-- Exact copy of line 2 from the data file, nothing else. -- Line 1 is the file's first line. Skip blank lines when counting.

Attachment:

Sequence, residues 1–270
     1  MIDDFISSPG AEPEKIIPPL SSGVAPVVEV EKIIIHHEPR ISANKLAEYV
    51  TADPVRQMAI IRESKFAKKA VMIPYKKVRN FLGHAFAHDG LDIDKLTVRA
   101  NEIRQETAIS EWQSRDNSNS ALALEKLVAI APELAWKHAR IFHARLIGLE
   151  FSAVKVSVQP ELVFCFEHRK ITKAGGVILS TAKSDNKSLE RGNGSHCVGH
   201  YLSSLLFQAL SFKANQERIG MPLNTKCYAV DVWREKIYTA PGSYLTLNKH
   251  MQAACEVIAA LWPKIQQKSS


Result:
     1  MIDDFISSPG AEPEKIIPPL SSGVAPVVEV EKIIIHHEPR ISANKLAEYV